Assuntos
Testes de Sensibilidade Microbiana , Complicações Infecciosas na Gravidez/epidemiologia , Reto/microbiologia , Infecções Estreptocócicas/epidemiologia , Streptococcus agalactiae/classificação , Streptococcus agalactiae/isolamento & purificação , Vagina/microbiologia , Adulto , Antibacterianos/farmacologia , Antibacterianos/uso terapêutico , Estudos Transversais , Feminino , Humanos , Quênia/epidemiologia , Gravidez , Complicações Infecciosas na Gravidez/microbiologia , Prevalência , Fatores de Risco , Sorogrupo , Sorotipagem , Infecções Estreptocócicas/tratamento farmacológico , Infecções Estreptocócicas/microbiologia , Streptococcus agalactiae/efeitos dos fármacos
10.
Arch Gynecol Obstet ; 301(5): 1189-1198, 2020 05.
Artigo em Inglês | MEDLINE | ID: mdl-32274638

RESUMO

PURPOSE: This cross-sectional case-control study of post-partum women aimed to estimate whether maternal periodontitis was a predictive contributor to preterm birth and to identify other risk factors associated with preterm birth in our target population. METHODS: The case group included women who delivered preterm (74 cases) and the control group included women who had a normal term delivery (120 controls). Medical records, a 16-item questionnaire, and a full-mouth periodontal examination were used to collect information about socio-demographic characteristics, general health problems, birth-related information, behavioral factors and periodontal status. Logistic regression analysis was used to estimate the strength of the relationship between predictors and the categorical outcome variable, preterm birth. RESULTS: The bivariate analysis revealed the significant associations between preterm birth and socio-demographic factors (educational level, p = 0.003), antepartum smoking habit (p = 0.001) and birth weight lower than 2500 g (p < 0.001). The multivariate analysis highlighted that the presence of post-partum maternal periodontitis and its severity remained independent risk factors of preterm birth in the presence of antepartum smoking habit and route of delivery [adjusted OR 2.26, 95% CI (1.06; 4.82), respectively, OR 3.46, 95% CI (1.08; 11.15)]. CONCLUSION: Post-partum maternal periodontal disease and its severity might, in part, be considered as contributor to preterm deliveries before 37 weeks of gestation.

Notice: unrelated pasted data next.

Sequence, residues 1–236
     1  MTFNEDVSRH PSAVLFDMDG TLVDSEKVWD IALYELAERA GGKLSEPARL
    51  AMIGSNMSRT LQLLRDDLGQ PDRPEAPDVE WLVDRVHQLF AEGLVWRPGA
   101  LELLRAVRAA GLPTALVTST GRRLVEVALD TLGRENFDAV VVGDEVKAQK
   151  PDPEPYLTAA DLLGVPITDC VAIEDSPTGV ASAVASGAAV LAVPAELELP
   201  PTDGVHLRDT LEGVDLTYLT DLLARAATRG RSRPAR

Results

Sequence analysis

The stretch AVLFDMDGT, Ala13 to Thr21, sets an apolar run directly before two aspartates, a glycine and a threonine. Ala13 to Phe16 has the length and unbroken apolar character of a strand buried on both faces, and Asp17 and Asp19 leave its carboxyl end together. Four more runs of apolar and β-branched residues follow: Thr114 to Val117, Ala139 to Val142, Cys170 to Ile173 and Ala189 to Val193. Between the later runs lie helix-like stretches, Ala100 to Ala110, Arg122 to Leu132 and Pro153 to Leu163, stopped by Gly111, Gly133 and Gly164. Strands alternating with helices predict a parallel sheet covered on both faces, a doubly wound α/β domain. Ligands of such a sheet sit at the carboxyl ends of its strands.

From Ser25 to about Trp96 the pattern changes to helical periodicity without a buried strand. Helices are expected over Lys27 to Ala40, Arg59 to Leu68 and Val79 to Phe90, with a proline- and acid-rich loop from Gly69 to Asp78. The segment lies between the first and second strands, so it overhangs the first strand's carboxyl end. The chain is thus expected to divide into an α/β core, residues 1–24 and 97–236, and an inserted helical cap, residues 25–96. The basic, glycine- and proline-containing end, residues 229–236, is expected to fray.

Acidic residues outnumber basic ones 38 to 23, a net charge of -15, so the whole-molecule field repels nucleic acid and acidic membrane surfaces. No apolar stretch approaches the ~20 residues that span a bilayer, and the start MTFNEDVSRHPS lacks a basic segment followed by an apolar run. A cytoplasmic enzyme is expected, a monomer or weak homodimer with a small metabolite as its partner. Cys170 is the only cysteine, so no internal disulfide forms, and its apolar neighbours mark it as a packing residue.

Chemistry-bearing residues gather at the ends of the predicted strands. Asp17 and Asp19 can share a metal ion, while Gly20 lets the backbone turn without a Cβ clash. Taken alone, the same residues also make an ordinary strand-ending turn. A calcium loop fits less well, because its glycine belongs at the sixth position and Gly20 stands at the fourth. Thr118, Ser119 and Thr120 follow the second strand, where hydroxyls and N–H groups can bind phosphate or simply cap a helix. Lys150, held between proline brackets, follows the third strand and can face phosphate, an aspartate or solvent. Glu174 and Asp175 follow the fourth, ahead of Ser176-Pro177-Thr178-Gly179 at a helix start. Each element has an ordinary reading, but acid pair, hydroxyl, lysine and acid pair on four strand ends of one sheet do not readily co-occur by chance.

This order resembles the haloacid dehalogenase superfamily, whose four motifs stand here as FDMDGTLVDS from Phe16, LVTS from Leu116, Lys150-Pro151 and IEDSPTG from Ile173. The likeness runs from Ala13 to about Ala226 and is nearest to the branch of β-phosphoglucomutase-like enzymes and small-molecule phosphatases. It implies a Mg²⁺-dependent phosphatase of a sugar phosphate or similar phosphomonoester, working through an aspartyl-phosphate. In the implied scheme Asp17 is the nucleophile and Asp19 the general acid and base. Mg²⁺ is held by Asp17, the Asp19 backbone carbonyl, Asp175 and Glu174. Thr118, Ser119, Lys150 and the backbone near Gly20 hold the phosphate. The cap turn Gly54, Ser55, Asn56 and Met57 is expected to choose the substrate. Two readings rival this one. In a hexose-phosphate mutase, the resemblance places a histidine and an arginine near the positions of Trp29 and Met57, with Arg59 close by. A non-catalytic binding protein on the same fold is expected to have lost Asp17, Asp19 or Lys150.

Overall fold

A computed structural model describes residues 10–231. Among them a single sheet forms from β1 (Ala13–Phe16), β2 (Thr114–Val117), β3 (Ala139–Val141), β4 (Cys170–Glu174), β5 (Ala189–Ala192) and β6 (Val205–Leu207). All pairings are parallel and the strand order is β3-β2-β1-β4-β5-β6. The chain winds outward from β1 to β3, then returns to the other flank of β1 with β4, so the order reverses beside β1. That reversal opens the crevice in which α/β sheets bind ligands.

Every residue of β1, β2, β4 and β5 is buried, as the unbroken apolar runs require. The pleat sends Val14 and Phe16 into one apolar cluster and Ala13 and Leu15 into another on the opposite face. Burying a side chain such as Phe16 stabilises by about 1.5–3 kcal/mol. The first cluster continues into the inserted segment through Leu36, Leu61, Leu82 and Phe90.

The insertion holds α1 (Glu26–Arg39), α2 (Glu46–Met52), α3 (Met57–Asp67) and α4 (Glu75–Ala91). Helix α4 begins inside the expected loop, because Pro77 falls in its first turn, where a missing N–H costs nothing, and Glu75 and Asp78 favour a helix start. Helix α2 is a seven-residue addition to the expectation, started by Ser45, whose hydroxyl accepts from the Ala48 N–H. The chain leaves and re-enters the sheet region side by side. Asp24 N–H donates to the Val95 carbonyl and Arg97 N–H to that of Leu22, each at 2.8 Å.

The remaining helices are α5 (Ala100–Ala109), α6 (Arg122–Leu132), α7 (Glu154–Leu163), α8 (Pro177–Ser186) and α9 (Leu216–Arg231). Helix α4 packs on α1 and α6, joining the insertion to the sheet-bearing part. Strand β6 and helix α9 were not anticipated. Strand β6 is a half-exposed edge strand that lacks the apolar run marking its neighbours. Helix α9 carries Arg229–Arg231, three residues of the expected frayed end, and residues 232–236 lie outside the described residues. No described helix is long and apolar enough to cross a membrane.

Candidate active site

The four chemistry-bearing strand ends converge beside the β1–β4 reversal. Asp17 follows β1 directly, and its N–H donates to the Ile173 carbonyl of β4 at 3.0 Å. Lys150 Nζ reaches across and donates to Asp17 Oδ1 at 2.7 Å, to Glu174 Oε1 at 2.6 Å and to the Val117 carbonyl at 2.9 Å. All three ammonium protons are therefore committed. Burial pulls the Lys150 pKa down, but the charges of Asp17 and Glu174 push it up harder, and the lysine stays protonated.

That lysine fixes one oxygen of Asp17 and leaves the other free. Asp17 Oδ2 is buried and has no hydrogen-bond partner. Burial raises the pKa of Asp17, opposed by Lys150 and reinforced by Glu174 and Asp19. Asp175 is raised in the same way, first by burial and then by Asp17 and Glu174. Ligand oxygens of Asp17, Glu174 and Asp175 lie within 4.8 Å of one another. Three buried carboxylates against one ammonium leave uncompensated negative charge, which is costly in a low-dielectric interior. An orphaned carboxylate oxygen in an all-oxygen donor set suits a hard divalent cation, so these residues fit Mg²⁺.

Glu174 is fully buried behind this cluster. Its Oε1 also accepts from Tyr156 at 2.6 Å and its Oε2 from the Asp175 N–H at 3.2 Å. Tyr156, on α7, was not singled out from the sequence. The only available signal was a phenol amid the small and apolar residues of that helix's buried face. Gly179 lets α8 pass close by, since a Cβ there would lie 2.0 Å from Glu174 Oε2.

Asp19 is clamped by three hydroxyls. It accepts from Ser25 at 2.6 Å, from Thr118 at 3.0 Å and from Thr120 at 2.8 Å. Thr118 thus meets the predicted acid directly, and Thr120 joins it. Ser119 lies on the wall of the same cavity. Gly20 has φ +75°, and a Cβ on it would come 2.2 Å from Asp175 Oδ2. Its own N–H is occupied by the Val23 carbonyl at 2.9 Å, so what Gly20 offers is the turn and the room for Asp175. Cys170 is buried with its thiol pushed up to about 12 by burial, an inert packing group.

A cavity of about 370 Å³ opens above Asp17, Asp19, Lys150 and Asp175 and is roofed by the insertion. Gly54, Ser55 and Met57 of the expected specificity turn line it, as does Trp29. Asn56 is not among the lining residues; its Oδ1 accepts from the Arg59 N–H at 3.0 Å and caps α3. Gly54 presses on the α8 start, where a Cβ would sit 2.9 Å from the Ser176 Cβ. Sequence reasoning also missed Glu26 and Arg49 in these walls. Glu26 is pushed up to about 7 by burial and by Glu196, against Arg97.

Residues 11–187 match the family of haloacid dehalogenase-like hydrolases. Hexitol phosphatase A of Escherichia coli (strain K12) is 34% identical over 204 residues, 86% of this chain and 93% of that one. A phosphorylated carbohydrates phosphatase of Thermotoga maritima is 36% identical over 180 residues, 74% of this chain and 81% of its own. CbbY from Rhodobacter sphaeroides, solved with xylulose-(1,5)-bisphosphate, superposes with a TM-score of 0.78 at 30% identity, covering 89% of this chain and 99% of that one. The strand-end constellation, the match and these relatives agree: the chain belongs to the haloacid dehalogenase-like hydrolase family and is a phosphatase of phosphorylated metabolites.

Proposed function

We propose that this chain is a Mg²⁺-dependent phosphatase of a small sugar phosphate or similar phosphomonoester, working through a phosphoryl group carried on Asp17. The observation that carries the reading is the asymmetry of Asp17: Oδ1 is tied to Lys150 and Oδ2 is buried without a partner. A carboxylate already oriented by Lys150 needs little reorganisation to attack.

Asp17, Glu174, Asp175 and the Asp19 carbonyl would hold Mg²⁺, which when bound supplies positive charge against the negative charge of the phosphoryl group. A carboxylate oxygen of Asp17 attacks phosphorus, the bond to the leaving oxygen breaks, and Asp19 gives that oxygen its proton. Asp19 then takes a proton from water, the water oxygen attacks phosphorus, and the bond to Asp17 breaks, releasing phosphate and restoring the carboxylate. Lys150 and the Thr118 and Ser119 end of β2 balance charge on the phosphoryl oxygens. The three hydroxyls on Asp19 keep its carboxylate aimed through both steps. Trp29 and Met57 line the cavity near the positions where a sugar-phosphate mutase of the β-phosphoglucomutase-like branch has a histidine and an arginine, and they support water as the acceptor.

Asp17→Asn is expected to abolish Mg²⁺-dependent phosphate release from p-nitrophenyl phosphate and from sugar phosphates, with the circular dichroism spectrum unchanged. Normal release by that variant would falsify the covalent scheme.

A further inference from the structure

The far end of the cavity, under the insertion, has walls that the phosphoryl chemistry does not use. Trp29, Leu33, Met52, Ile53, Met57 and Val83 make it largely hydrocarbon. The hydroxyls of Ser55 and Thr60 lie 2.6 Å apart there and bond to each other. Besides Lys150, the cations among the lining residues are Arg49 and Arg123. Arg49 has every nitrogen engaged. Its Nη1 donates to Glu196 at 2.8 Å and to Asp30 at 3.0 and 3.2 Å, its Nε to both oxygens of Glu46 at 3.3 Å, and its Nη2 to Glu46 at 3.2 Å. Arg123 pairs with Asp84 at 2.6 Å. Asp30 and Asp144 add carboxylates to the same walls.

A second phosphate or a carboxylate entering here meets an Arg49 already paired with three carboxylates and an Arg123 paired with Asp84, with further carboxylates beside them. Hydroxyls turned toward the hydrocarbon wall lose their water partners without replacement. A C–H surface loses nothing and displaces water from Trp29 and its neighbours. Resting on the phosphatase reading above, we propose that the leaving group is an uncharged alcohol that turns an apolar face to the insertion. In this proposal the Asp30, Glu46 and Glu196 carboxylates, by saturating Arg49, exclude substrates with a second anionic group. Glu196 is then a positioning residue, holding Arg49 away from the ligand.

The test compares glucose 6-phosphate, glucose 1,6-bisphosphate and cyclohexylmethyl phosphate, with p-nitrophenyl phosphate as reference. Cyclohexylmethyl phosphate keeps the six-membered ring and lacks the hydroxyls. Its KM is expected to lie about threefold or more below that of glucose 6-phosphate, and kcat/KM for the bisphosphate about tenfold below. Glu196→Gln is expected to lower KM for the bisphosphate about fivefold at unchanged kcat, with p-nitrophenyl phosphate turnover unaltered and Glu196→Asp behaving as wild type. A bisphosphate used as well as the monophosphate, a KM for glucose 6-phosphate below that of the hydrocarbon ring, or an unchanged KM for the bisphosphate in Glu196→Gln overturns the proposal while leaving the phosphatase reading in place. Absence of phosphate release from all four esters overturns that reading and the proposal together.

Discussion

Assuntos
Retardo do Crescimento Fetal/etiologia , Periodontite/complicações , Complicações Infecciosas na Gravidez/epidemiologia , Nascimento Prematuro/epidemiologia , Fumar/efeitos adversos , Adulto , Peso ao Nascer , Estudos de Casos e Controles , Estudos Transversais , Feminino , Hospitais , Humanos , Recém-Nascido de Baixo Peso , Recém-Nascido , Índice Periodontal , Periodontite/epidemiologia , Período Pós-Parto , Gravidez , Complicações Infecciosas na Gravidez/microbiologia , Resultado da Gravidez , Nascimento Prematuro/etiologia , Fatores de Risco , Romênia/epidemiologia , Poluição por Fumaça de Tabaco/efeitos adversos
12.
Nutrients ; 12(2)2020 Jan 30.
Artigo em Inglês | MEDLINE | ID: mdl-32019222